The American Civil War was bad enough as it was, leading to hundreds of thousands of deaths due to disease and combat. But some lesser known events still manage to stand out, for all the wrong reasons. From starving in a prison camp to Black troops being murdered as a matter of principle, to deadly wildfires in the Wilderness, and more, these are some lesser known horrors of America’s deadliest conflict.
10. Andersonville Prison
Andersonville Prison, also known as Camp Sumter, was a nightmarish place for captured Union soldiers during the Civil War. Located in Andersonville, Georgia, it became synonymous with suffering and death. The prison was originally designed for 10,000 Union prisoners, but it became horrifically overcrowded, holding over 30,000 inmates at its peak. By the end of the war, thanks to the Federal blockade and Union campaigns to burn Southern farmland in the Shenandoah and Georgia, the Confederates could barely keep their own dwindling armies from starving. As you can imagine, Union POWs were even more neglected.
Conditions at Andersonville were unbearable. Starvation, disease, and exposure took a devastating toll on the captives. The lack of food, clean water, and shelter resulted in rampant illness, primarily dysentery and scurvy. Approximately 12,000 Union soldiers died within the camp’s walls, making Andersonville one of the darkest chapters of the war, and providing some chilling foreshadowing for the concentration camps of the 20th century.
9. Fort Pillow Massacre
The Fort Pillow Massacre, which occurred during on April 12, 1864, is likely the most infamous war crime of the entire war. It involved the murder of African American Union soldiers and their white officers, by Confederate forces under the command of General Nathan Bedford Forrest.Yes, that Nathan Bedford Forrest – the first Grand Wizard of the Ku Klux Klan. So none of this should come as a shock.
Fort Pillow, located in Tennessee, had been occupied by Union forces and was defended by both white and African American troops. When Confederate forces attacked the fort, many of the Union defenders tried to surrender. However, what followed was a brutal massacre. Confederate troops showed no mercy, killing both the African American soldiers and their white officers, despite clearly communicated attempts to surrender. Thing is, this behavior was actually required by Confederate law. Rebels were so appalled by the very concept of Black men getting the chance to fight that they refused to take them, or their white officers, prisoner under any circumstances.
8. Treatment of African-American Troops
Following Lee’s strategic defeat at Antietam, Abraham Lincoln issued the long-awaited Emancipation Proclamation, which declared all Confederate-held Black slaves to be contraband that should be freed immediately upon contact with Union forces. This effectively changed the war, from the Union perspective, at least, from one about preserving the Union to one about also emancipating the slaves once and for all. It also slammed the door on much-needed foreign recognition for the South, as the European nations they were courting couldn’t be seen publicly supporting a slave nation.
In response, the outraged Confederate States enacted laws and policies that explicitly called for the killing of Black prisoners of war (POWs) on the spot. One of the most notable instances was the Confederate policy enacted by General Nathan Bedford Forrest, which we discussed in the context of the Fort Pillow Massacre. This policy dictated that any captured African American Union soldiers, along with their white officers, should not be treated as traditional POWs but should instead be murdered on the spot.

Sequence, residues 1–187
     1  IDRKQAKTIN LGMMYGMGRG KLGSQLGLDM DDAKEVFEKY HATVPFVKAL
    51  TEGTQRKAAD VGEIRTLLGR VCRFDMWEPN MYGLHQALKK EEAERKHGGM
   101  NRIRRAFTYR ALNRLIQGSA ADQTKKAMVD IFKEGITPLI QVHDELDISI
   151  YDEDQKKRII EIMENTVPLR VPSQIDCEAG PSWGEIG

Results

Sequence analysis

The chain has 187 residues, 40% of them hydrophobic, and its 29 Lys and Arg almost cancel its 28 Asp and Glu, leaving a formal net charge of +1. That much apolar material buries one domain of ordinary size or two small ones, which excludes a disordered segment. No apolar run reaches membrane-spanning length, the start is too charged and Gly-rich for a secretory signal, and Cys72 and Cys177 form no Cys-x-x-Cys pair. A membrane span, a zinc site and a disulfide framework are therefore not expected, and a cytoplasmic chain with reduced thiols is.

7. New York City Draft Riots
The New York City Draft Riots of 1863 were a dark and violent chapter. Triggered by the unpopular draft imposed by the US government, since the volunteer system was no longer sufficient to meet the army’s ravenous demand for manpower, they quickly escalated into days of chaos and bloodshed. What began as anti-draft demonstrations soon transformed into a brutal attack on the city’s African American community, along with their homes, businesses, and churches. It was proof that anti-Black racism wasn’t unique to the South (although it was still far worse there).
Federal troops had to be dispatched to restore order, and by the time the riots ended, the toll was staggering. Over a hundred people lost their lives, and countless others were injured. The events of the New York City Draft Riots exposed the grim reality of racial prejudice and discrimination, making it clear that even in a time of crisis, the struggle for equality and justice was far from over.
6. Confederate Kidnappings
Robert E. Lee took his Confederate Army of Northern Virginia on two major invasions of the north. The first, in 1862, ended in failure at Antietam. The second was turned back at Gettysburg, less than a year later.
On both occasions, Confederate troops went out of their own way to seek out and kidnap free Black Americans living in peace in the north, and traffic them back south in bondage. Lee himself was fully aware of this and made no effort to stop it. It should be proof that Lee was far from the kindly, grandfatherly southern gentlemen and friend to Black Americans the Lost Cause has made him out to be. Nor was he a reluctant enemy – he was fully committed to the cause of upholding slavery, which rebels saw as a divine right for all white Americans.
Thankfully, slaves captured in this way weren’t in chains for long, as the Emancipation Proclamation ensured their liberation upon contact with Yankee troops. And the 13th amendment freed everyone who slipped through those cracks.